Chapter 3: Seals in the Sound

Aveny’s paddle made soft, succulent plops as it slid into the deep blue sound. The breeze tickled her face, tingling her flesh with undertones of cold northern air. A chill spilled over her shoulders and she shivered despite the sun’s relentless adoration.

Brand’s unusual work schedule, coupled with Aveny’s flexible hours allowed them to occasionally escape together while the kids were in school. At the moment, they were kayaking Budd Inlet, searching for a mass of floating logs rumored to house a clan of harbor seals. Aveny was giddy with excitement at the prospect of seeing these exotic creatures up close. And fortunately for her seasickness, the sound was still as a pond.

It didn’t take long to locate the strangely buoyant mass. Unfortunately, the area was deserted. Only one lone seagull disturbed the staid monotony of the landscape, its head pivoting back and forth, as if also wondering where everyone else had gone. Aveny resented it for its boring seagullness. Anything she could see eating abandoned French fries in a random parking lot was not exciting. 

After several passes, Brand gave up and paddled north, following a trail of billowing jellyfish. Unready to relent, Aveny quieted her paddles and slowly cruised past the hulking log mass, searching for any discrepancies in the camouflage of dark bark and stripped yellow wood.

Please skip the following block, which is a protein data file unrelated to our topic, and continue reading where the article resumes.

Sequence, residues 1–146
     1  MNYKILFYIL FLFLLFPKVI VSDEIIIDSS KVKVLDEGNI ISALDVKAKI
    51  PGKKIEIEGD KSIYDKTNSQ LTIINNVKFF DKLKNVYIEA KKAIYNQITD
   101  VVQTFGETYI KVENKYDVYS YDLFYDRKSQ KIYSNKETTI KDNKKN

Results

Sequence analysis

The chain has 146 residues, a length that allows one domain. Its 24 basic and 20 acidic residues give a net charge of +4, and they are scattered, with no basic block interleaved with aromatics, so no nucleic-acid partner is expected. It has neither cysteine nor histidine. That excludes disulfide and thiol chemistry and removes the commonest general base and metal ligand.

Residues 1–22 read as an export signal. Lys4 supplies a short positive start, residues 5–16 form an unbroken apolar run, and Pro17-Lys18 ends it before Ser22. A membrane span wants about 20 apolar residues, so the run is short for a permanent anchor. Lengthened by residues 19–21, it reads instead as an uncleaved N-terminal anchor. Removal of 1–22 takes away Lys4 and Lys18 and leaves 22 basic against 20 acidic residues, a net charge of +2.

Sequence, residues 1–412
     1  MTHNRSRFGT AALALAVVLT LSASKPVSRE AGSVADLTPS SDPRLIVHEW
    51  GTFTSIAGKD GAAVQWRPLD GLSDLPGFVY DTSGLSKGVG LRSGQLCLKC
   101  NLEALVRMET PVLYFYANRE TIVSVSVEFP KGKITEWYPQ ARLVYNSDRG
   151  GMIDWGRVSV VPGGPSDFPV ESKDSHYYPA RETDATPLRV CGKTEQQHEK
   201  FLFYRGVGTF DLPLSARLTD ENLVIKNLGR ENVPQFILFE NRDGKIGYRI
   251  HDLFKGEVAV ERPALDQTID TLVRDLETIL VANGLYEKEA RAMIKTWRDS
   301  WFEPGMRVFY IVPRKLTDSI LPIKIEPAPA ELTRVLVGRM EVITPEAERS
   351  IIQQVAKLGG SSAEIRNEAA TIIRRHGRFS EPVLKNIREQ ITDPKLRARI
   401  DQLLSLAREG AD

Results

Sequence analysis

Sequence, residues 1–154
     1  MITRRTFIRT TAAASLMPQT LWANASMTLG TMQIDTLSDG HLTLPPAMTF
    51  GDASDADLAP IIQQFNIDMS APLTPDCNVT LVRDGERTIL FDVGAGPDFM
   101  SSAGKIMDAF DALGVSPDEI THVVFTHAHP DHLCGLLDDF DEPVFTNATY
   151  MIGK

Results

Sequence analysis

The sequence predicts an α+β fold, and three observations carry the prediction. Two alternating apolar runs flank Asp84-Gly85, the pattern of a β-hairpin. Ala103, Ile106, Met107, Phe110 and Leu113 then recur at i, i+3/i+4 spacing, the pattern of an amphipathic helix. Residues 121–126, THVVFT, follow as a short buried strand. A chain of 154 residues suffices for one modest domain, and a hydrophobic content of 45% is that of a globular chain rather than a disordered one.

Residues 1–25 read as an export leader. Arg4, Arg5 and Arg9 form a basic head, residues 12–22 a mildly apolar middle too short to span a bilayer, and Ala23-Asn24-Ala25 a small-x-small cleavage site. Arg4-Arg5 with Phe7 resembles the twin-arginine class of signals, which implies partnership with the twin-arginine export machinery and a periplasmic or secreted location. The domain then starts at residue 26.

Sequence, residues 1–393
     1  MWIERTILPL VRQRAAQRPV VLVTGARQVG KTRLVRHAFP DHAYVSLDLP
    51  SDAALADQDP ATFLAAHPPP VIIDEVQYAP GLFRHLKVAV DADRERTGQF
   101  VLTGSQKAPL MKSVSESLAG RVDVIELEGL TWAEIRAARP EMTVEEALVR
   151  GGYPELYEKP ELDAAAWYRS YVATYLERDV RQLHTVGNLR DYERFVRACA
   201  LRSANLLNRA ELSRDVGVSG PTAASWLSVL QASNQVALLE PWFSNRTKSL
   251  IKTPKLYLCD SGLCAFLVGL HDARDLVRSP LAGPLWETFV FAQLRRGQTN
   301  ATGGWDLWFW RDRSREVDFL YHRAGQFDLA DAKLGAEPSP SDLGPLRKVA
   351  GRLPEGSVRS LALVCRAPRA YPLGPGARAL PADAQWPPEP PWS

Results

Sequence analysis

When this proved fruitless, she turned and gazed out over the open water, searching for any sign of motion. Aside from the small ripples of a few aquatic-feeding birds, the bay was as peaceful as the cloudless sky above. Aveny leaned back and took in the pine covered hills surrounding the sound. Their embrace made it look more like a massive lake than the untamed ocean it really was.

She glanced back at the Olympia shoreline, marked by the iconic Capitol dome, and gasped. There, gliding smoothly along in the slow wake of her kayak was a black-eyed harbor seal. Only its silky grey head and wide, onyx eyes peeked above the surface. It matched Aveny’s pace, a mere three feet behind her kayak’s stern, it’s dark eyes studying her inquisitively as it went.

Adrenaline-fueled glee coursed through Aveny’s veins as she whirled around and half-whispered, half-shrieked, “Brand! There’s a seal behind me!”

“Really?” he exclaimed, whipping around and paddling over to see for himself.

Aveny turned and pointed behind her, but the seal was gone.

“There’s nothing there, babe,” Brand said, slowing beside her.

“It was just here,” she protested.

Brand waited quietly for a moment, studying the still water. Then he shrugged and maneuvered his boat back around.

The minute he departed, the creature reappeared. Its eyes met Aveny’s as soon as it broke the surface. Thick streams of translucent water poured over its round face, failing to eclipse its deep midnight gaze. The sight of it caught Aveny’s breath and bound it in her throat. She stared back, rapt.

The creature expelled a slow, steamy burst of droplet-infused air and slipped beneath the water.

“It just came back again,” Aveny called.

“Are you sure it wasn’t something else?” Brand asked over his shoulder.

“Yes I’m sure. I know what a seal looks like. It was right here. Just stop for a second and I’ll paddle by you. Maybe it will resurface. I think it’s following me.”

“Following you?” Brand said, “Do seals do that?” He slowed to a stop as Aveny resumed her rhythm.